Lastly, A. A. Koronowicz and collaborators in their research paper titledFatty Acids of CLA-Enriched Egg Yolks Can Induce Transcriptional Activation of Peroxisome Proliferator-Activated Receptors in MCF-7 Breast Cancer Cells investigated the effects in vitro of fatty acids from CLA-enriched egg yolks (EFA-CLA) acting as potential ligands for PPAR receptors in breast cancer cell line MCF-7. The authors showed that PPAR-responsive genes can be regulated by EFA-CLA, leading to a reduction of tumor cell proliferation, with a greater influence by EFA-CLA treatment compared to nonenriched FAs or single synthetic CLA isomers.

In conclusion, understanding the different roles of PPARs in the cross talk between metabolic syndromes, such as diabetes and obesity, and cancer could help us, in future, to identify novel potential therapeutic targets involved in the cancer development and different cancer-related metabolic syndromes. This special issue, thanks to the interesting contributions by various authors, attempts to provide a small overview of the studies present in literature regarding the involvement of PPAR Signaling Pathway in carcinogenesis and metabolic alterations, enriching the current knowledge in the field and opening up new roads towards multidisciplinary approaches that promote the interaction between basic research and clinical research.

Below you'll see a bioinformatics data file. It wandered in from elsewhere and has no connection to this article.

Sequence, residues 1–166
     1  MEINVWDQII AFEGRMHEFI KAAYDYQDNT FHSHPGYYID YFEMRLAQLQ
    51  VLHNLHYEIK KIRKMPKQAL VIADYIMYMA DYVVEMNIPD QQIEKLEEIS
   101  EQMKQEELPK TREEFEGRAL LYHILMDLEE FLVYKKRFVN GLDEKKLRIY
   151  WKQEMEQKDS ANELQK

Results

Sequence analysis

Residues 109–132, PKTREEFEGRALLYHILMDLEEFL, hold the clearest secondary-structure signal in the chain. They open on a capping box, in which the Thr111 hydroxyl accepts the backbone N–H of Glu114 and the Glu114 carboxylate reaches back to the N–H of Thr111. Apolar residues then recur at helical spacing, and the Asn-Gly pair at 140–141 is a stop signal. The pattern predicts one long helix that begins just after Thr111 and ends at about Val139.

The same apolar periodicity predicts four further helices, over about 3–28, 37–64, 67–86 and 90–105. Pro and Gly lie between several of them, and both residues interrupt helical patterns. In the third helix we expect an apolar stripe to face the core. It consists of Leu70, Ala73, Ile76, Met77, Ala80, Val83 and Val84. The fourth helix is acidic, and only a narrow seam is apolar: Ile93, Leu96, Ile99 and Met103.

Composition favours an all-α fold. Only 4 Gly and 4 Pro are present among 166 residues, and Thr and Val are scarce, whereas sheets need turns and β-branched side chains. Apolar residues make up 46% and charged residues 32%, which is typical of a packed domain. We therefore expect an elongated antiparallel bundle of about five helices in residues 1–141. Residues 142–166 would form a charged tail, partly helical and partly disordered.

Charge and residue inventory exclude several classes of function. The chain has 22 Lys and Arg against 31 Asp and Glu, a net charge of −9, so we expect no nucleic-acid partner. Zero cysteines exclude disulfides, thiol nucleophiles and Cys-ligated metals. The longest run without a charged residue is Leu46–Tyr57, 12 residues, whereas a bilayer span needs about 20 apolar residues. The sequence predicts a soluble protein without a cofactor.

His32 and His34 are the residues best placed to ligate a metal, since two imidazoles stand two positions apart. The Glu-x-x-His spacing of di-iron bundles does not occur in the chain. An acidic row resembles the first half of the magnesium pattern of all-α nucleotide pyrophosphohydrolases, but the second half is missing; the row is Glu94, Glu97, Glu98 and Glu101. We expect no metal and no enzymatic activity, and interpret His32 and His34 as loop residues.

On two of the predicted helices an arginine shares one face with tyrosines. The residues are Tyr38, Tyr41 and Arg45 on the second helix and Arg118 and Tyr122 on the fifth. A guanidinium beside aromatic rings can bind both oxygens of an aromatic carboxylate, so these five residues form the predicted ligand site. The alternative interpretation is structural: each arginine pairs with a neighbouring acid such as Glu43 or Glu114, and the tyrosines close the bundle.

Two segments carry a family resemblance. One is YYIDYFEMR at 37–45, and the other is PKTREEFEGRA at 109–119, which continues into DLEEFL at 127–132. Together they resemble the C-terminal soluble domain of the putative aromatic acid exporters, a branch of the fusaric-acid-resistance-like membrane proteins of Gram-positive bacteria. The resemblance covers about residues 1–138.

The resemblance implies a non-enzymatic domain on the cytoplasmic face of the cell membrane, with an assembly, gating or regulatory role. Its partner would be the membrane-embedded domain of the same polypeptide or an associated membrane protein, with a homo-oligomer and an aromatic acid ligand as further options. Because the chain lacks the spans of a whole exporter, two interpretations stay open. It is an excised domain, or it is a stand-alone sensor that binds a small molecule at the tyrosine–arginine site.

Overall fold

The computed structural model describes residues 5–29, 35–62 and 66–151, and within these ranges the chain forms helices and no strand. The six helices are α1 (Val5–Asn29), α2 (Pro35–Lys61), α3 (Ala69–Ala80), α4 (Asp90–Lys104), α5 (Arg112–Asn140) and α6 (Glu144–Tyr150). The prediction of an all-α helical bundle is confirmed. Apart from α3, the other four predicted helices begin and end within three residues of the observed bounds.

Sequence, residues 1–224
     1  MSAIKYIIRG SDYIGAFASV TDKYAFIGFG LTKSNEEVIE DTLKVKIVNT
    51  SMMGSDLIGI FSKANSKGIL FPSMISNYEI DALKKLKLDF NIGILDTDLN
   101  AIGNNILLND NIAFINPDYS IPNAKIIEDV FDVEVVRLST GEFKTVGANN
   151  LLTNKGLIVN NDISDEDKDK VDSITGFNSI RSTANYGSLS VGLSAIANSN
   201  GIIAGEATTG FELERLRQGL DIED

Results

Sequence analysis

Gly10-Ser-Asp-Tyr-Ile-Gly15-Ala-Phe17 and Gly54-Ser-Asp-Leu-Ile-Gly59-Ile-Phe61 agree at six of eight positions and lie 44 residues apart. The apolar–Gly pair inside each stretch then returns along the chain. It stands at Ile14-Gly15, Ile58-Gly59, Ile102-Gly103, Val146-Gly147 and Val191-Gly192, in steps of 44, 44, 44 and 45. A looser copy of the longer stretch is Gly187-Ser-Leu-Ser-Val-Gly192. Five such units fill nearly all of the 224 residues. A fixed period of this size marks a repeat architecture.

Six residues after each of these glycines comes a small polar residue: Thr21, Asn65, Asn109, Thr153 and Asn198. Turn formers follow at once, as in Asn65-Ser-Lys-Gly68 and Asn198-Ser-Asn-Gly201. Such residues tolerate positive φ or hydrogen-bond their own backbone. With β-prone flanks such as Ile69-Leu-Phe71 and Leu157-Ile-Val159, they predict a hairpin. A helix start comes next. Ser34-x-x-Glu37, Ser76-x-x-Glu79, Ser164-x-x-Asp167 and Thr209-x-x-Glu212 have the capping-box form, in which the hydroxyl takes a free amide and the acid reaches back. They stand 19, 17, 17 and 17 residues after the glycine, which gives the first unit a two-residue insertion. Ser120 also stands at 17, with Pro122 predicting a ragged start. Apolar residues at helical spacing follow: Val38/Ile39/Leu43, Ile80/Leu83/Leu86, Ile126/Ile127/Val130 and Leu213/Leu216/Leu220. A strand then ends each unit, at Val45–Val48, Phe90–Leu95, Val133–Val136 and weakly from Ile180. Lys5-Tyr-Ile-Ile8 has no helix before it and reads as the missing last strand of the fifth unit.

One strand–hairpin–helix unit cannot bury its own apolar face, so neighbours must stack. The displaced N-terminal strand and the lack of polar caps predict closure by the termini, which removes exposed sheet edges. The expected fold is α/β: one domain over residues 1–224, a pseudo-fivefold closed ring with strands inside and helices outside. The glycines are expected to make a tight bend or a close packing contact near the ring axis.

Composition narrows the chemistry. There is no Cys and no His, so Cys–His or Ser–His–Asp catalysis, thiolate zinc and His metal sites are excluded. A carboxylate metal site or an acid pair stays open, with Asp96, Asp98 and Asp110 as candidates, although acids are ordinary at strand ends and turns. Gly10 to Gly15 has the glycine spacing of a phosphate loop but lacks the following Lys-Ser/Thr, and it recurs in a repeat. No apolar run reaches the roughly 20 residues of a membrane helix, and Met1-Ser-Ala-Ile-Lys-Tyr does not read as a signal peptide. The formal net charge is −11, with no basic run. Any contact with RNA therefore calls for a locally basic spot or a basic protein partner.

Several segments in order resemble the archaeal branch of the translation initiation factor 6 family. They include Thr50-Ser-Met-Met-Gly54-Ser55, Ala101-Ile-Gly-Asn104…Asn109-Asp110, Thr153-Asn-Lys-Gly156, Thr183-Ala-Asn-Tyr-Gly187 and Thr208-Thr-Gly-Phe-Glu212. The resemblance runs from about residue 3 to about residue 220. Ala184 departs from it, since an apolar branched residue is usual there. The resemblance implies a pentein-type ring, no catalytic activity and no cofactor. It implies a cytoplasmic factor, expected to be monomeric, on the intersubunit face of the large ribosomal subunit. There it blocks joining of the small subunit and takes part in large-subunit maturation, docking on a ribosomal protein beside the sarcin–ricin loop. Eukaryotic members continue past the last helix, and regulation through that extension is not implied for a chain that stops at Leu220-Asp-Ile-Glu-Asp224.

Daniele Fanale
Valeria Amodeo
Stefano Caruso